The arrest warrant, issued by the Interpol at the request of the Shiite-dominated Iraqi government, against Iraqi vice-president and prominent Sunni leader Tareq Al Hashemi is seen by many in the region as a recipe for a another bloody civil war in Iraq. It is also interpreted as a further demonstration of how influential Iran has become in Iraqi politics.
On the eve of the US withdrawal from Iraq at the end of last year, Iran and its local allies, rushed to exploit the vacuum Washington left behind and consolidate their influence in Iraq. Iran seems determined not to miss a historic opportunity to turn Iraq from a long-time regional foe into a junior ally. Should this happen, and it is in fact happening, Iran would then be able both to secure its western flank and use Iraq as a base from which to project influence in the wider Arab world. This would come only if Iran’s foes in Iraq are purged and its friends are made powerful enough to rule Iraq unchallenged.
Leading these efforts is pro-Iran Prime Minister of Iraq Nouri Al Maliki, who is increasingly becoming an authoritarian leader. Ever since he became prime minister in 2006, Al Maliki has been working to consolidate his power inside the army, the security forces, and intelligence services, mostly through purges and through the creation of loyal parallel security agencies. When he returned to the premiership in 2010, following nearly a year of intense political wrangling over electoral results, Al Maliki accelerated these efforts to establish full control over the political, security and economic affairs of the country. The makeup of the current cabinet clearly illustrates Al Maliki’s prowess; he holds the positions of acting defence minister, interior minister and minister of state for national security. But in order for Al Maliki to effectively wield his influence in each of these arenas, he needed to remove whatever tenuous influence Iraq’s Sunnis maintain.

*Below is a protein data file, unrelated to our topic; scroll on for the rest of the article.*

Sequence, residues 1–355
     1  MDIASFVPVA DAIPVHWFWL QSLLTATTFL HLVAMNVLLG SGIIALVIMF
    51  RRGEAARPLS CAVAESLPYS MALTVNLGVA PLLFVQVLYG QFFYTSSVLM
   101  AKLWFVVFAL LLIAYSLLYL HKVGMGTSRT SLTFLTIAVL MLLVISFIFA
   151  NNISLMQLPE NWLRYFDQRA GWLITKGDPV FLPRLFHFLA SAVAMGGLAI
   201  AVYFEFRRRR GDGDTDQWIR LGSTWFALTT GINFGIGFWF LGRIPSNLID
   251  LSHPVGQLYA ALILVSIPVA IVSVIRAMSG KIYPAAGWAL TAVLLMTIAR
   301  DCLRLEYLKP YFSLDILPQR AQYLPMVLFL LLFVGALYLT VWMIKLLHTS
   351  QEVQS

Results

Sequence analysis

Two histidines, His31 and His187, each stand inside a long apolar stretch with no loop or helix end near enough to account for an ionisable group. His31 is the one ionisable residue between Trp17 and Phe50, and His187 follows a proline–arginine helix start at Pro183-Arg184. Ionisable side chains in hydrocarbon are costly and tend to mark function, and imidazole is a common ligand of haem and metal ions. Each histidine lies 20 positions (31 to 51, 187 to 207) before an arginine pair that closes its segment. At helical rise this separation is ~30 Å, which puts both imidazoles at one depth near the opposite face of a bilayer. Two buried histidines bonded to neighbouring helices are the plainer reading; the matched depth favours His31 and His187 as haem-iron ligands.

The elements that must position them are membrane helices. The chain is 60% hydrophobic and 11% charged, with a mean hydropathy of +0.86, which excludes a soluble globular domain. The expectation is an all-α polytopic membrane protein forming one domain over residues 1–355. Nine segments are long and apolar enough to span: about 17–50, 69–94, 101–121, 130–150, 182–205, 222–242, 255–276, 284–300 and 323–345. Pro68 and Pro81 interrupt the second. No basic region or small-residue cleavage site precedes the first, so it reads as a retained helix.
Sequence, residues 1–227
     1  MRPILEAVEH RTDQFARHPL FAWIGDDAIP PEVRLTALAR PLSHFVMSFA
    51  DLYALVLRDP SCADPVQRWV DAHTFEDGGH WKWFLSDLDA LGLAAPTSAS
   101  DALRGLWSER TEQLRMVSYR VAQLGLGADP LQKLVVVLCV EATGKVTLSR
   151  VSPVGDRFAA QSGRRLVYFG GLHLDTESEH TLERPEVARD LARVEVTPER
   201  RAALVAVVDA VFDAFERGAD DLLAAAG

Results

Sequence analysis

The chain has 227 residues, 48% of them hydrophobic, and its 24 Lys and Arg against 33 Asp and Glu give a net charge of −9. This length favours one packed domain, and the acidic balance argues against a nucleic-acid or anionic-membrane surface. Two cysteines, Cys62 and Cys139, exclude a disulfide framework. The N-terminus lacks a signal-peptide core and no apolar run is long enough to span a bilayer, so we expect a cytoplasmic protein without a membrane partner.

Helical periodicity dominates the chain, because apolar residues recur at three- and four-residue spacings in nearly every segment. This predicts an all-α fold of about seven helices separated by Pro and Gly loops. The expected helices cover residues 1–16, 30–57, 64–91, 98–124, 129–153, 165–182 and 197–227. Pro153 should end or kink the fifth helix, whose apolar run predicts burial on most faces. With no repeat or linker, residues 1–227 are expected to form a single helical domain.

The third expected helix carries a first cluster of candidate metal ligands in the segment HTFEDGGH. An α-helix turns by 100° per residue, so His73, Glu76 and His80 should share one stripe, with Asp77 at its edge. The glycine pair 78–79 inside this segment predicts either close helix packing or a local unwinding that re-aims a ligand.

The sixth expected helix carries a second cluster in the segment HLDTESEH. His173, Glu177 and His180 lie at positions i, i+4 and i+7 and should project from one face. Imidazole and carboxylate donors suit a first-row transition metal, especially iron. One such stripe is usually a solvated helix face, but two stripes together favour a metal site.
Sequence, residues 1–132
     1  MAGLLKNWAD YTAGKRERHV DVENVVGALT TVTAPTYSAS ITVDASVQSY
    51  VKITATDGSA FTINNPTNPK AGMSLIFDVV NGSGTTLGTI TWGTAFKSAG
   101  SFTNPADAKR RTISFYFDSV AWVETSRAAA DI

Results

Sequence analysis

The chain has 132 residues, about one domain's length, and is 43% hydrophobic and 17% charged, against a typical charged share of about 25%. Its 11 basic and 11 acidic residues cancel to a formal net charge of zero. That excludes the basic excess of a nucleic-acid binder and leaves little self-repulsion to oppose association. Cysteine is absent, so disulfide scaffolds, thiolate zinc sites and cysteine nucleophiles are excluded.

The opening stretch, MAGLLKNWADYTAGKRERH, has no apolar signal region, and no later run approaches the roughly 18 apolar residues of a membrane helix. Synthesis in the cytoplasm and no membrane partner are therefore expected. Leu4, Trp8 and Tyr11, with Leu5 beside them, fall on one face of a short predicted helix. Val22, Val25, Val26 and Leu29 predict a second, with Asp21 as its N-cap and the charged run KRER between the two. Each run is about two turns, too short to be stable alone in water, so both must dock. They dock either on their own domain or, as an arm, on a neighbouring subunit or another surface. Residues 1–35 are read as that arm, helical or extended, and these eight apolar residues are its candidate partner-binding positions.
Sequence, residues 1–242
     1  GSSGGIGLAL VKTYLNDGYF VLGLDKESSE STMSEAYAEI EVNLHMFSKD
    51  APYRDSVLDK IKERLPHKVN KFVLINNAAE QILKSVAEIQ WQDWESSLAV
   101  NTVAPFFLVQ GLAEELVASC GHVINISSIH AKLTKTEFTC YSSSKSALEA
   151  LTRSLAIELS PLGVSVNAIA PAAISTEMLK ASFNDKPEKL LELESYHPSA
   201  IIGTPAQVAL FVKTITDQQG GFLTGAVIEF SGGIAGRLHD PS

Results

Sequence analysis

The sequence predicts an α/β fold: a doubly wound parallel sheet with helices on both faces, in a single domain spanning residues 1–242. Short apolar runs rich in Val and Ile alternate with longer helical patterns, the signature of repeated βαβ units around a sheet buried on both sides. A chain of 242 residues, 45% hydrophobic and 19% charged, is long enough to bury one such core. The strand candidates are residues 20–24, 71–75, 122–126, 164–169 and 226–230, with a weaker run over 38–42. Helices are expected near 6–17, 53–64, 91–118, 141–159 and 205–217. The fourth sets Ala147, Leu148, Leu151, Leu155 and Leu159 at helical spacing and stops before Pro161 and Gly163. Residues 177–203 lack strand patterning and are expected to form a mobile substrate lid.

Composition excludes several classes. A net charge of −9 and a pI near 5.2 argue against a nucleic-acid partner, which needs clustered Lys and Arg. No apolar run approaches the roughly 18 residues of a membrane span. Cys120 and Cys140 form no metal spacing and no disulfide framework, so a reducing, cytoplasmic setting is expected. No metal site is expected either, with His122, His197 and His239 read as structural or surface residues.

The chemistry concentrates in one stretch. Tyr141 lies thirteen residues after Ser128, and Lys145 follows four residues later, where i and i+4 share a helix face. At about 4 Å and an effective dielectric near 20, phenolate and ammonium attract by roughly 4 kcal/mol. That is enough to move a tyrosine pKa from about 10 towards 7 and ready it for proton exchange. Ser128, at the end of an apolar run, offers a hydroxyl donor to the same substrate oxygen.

Following the fall of Saddam Husain’s regime in 2003, Iraqi Sunnis chose to resist the change brought by the US invasion. They boycotted the 2005 parliamentary elections and opted for armed resistance against the US occupation and the puppet government it installed in Baghdad. By doing so, they have effectively allowed Shiite factions to garner disproportionate power in parliament. When Sunnis tried to re-enter the political scene in 2010, they did so under the banner of Al Iraqiya, a centrist political bloc with heavy Sunni representation. Though Al Iraqiya won the largest number of seats in the 2010 elections, Al Maliki and his Shiite allies manoeuvred to deny it an electoral victory. In the early stages of its formation the government half-heartedly promised Al Iraqiya various appeasements, but it did not take Al Maliki long to begin purging the government of Sunni power. He refused to integrate Sunni Awakening Council members into the security apparatus and used the Shiite-led Justice and Accountability Commission as a vehicle for targeting Sunnis and former Baathists.
The Sunnis, who have no energy assets or autonomous territory, tried to loosen Baghdad’s grip with their own autonomy drive — first in the mainly Sunni Anbar and Salahuddin provinces and then in the more ethnically mixed Diyala province. The autonomy push in Diyala province came about through Sunni-Kurdish collaboration. This gave some indication that the Sunnis and Kurds were finding reasons to align against a more significant Shiite threat.
Al Maliki’s response was fast and fierce, however. He declared the province’s proclamation illegal and launched a major political offensive against high-level Sunni officials. He urged parliament to pass a vote of no-confidence against Sunni Deputy Prime Minister Saleh Al Mutlaq, who described Al Maliki in an interview as “worse than Saddam Hussain”. At the same day, Al Hashemi was escorted off a plane at the Baghdad airport and two of his bodyguards were detained on terrorism charges. Al Hashemi was permitted to fly to Iraqi Kurdistan, but an arrest warrant was issued against him alleging that he had commissioned assassinations of Iraqi political and security officials, including a plot against Al Maliki himself.
Iran’s position is crucial to the outcome of this crisis. Al Maliki may have strong political ambitions of his own, but his actions clearly align with Iran’s strategic interest in consolidating Shiite control in Iraq. With Iran emerging as the most influential foreign power in Iraqi politics, Sunni Arab countries, particularly in the Gulf, fear that Iran might just be about to reshape the political map of the region in its favour. This will force them to do whatever it takes to prevent this probability. Al Maliki’s sectarian policies along with the increasing polarisation between the two banks of the Gulf — Arab and Persian — Iraq might very well slide back to a full-fledged civil war that would be incomparable with the 2006-2007conflict.
Dr Marwan Kabalan is the dean of the Faculty of International Relations and Diplomacy at the University of Kalamoon.
Source: Gulf News